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June 30th, 2015

Job security for early career researchers is a significant factor in helping research make an impact.

8 comments | 5 shares

Estimated reading time: 5 minutes

Blog Admin

June 30th, 2015

Job security for early career researchers is a significant factor in helping research make an impact.

8 comments | 5 shares

Estimated reading time: 5 minutes

Doctorate holders’ careers are increasingly diverse and research funders have a strong interest in exploring how their investment has contributed to the career paths of the researchers supported and how their work benefits society. Funders are also looking to understand the challenges, bottlenecks and opportunities at different career stages in order to tailor policies and activities to researchers’ needs. Siobhan Phillips and Rhona Heywood-Roos share some of the headline findings of the European Science Foundation’s career tracking study. Unsurprisingly, employment insecurity was noted as the greatest source of career dissatisfaction amongst researchers and the highest cited reason for withdrawal from research careers. The survey findings also found that ECRs with permanent jobs are nearly three times as likely to have had a significant impact on policy or practice than those on temporary contracts.

The European Science Foundation (ESF) has studied research careers through various members’ initiatives, culminating in the work of the Member Organisation Fora ‘Research Careers’ and ‘European Alliance on Research Careers’. As a follow-up, ESF initiated a career tracking pilot study in 2014 together with five participating research funding/performing organisations:

  1. AXA Research Fund (AXA RF), France – private (funding) foundation
  2. Fonds National de la Recherche (FNR), Luxembourg – research funding organisation
  3. Goethe Graduate Academy (GRADE), Goethe University Frankfurt, Germany – university
  4. Paul Scherrer Institute (PSI), Switzerland – research performing organisation
  5. The Special Programme for Research and Training in Tropical Diseases (TDR), a co-sponsored programme of UNICEF, UNDP, the World Bank and WHO – international training programme

The aim of this stand-alone pilot, which kicked off with a survey and produced a report and process manual (ongoing), was to establish the feasibility of this kind of study and to test the validity and reliability of the instrument (the questionnaire). Some 500 doctorate holders responded to the survey (a response rate of 57%), most of whom were at early stages of their career.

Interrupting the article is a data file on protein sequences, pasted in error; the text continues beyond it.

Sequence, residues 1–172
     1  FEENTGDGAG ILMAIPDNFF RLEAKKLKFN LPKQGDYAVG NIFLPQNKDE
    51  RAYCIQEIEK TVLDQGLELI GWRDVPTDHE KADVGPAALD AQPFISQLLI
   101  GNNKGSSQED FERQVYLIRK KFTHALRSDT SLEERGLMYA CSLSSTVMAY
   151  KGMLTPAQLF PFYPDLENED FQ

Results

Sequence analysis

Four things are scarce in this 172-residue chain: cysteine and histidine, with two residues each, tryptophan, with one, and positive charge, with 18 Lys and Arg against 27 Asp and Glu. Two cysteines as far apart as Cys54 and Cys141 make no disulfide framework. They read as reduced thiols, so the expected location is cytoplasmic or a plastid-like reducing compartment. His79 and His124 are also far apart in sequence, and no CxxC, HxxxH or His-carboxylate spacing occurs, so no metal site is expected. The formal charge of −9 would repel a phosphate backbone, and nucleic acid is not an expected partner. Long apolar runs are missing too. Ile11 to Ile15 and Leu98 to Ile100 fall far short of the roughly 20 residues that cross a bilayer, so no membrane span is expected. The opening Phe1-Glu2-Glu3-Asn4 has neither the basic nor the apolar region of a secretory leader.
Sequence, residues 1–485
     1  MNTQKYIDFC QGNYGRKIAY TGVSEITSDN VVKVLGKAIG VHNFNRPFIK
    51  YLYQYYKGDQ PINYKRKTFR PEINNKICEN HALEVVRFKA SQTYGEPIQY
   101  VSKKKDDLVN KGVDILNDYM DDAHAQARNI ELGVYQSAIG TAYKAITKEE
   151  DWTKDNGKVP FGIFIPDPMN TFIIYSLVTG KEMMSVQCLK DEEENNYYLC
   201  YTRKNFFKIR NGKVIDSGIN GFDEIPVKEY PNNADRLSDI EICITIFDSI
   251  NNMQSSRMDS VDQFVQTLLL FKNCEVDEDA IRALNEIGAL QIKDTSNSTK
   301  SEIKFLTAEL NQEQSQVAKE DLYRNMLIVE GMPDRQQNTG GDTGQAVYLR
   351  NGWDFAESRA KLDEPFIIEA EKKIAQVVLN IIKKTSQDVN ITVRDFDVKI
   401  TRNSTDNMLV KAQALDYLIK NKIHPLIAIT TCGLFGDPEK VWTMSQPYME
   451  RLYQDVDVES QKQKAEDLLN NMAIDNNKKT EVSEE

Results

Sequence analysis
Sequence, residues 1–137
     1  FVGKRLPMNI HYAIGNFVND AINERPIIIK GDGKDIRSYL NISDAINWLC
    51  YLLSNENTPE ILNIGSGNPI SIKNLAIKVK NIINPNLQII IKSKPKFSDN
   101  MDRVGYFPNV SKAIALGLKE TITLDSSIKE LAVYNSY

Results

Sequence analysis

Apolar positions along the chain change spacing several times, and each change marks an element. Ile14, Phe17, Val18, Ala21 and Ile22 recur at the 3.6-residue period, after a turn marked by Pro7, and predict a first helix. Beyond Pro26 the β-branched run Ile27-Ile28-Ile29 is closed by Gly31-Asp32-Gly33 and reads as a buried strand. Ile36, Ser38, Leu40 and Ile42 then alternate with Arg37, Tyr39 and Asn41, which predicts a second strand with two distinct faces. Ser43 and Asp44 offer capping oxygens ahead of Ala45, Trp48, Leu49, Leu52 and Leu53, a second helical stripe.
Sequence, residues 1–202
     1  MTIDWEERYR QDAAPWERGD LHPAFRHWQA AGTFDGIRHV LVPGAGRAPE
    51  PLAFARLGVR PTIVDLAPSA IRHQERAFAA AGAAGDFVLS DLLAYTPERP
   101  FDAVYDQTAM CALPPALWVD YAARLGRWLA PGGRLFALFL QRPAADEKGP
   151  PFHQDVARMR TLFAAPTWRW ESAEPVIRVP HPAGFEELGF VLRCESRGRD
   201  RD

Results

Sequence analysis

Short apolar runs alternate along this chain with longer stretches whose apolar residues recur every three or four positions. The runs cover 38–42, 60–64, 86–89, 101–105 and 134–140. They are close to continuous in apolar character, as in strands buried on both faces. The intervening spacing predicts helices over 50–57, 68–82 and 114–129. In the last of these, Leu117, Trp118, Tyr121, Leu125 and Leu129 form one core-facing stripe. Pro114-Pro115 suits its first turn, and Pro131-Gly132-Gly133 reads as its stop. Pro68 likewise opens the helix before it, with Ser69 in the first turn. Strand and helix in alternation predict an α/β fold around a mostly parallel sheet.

While addressing methodological issues was the main purpose of the career tracking study, some of the findings proved unexpectedly interesting, providing material for debate and further study on the consequences of oversupply/lack of absorptive capacity of doctorate level qualifications.

The study is set against a context of increasing numbers of numbers of doctorate holders internationally, encouraged by national governments’ knowledge economy policies together with the European Research Area objectives which envisage the development of a common European Research and Development policy to boost employment and growth in Europe.

Between 1998 and 2006, the number of PhDs awarded in the OECD countries increased by some 40% prompting discussion of PhD bubbles, academic inflation, diminution in quality and concerns that an expensively educated group would not find suitable careers and displace others in posts that traditionally did not require a PhD. As an editorial put it in Nature:

The problem is widely discussed, yet many PhD programmes remain firmly in the traditional mould — offering an apprenticeship for academic research, even as numbers of academic positions stagnate or decline. Yes, there are many worthwhile careers outside academia for science PhD holders… Widening concerns about dismal job prospects are dissuading some of the brightest candidates from taking the PhD route.

Something needs to change — but what? Ideally, the system would produce high-quality PhD holders well matched to the attractive careers on offer. Yet many academics are reluctant to rock the boat as long as they are rewarded with grants (which pay for cheap PhD students) and publications (produced by their cheap PhD students). So are universities, which often receive government subsidies to fill their PhD spots.